12.7 Surveillance and information: The north and south connection

Wednesday, August 1, 2012: 10:25 AM
Faculty of Economics, TBA
Nelson ARTEAGA BOTELLO , Sociology, Universidad Autónoma del Estado de México, Toluca, Mexico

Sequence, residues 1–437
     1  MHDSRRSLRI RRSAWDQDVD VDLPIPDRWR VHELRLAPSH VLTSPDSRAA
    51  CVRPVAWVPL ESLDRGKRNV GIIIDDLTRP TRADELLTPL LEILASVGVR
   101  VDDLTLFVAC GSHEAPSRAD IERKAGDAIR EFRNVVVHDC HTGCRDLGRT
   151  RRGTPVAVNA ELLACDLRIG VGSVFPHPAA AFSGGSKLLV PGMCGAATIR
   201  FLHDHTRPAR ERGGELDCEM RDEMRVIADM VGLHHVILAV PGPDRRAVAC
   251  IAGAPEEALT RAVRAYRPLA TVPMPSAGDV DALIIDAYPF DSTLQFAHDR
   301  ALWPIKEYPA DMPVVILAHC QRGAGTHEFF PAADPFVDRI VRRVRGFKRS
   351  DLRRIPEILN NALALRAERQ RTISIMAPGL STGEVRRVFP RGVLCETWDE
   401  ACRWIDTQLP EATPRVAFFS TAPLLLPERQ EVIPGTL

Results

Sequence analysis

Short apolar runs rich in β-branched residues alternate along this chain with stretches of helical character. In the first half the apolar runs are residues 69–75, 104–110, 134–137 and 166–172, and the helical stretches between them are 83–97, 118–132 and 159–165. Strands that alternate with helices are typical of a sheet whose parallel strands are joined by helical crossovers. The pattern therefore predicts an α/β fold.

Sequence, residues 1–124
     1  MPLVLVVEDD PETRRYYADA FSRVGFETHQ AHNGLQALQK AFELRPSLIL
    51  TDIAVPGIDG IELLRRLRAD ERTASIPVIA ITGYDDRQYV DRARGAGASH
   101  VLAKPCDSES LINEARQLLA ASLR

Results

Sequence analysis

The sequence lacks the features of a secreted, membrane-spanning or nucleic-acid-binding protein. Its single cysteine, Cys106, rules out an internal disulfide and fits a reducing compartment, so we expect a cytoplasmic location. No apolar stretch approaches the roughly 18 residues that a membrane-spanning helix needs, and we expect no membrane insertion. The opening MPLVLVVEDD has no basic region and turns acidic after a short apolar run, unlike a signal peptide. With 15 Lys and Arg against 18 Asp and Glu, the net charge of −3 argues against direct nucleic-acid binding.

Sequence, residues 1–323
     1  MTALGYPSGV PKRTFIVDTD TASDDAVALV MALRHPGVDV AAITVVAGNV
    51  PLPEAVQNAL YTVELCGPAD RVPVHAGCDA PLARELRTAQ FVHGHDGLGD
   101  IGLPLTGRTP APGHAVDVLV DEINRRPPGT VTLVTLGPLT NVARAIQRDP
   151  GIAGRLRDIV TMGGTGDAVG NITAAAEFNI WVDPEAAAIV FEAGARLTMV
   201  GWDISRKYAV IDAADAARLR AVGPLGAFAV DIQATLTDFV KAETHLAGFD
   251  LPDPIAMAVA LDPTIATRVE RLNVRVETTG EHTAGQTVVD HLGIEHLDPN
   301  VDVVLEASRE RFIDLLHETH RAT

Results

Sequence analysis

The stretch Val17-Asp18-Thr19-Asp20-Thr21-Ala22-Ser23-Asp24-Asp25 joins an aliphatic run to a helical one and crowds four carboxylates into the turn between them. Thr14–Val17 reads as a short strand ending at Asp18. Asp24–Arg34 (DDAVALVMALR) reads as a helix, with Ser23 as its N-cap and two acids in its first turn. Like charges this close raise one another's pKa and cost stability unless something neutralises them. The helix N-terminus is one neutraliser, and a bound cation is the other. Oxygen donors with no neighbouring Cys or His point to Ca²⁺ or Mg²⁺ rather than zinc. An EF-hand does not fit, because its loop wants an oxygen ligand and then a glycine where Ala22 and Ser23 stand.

The emergence of violence in Latin America during the last decade has caused the implementation of different surveillance technologies with the goal of reinforcing public security policies, in particular, the control of the population through the use of national identity cards. These technologies have been imported from the Global North, in particular, although not exclusively from the United States, which opens up the possibility that information is transmitted together from southern countries to the northern ones helping to guarantee a supposed hemispheric security. In this sense, two dynamics are analyzed. The first one is directed at establishing the criteria that are used to build a citizenship identity in Latin America, especially its effects in a contextual framework for the shortage of citizen’s rights before the State. The second one has to do with legal regulations which guarantee the flow of information from identity cards from countries of the Latin American region toward countries that transfer the technology and the “know how” of surveillance. Understanding both dynamics allows us to realize in which way they are defining the logic of surveillance and democracy in Latin America.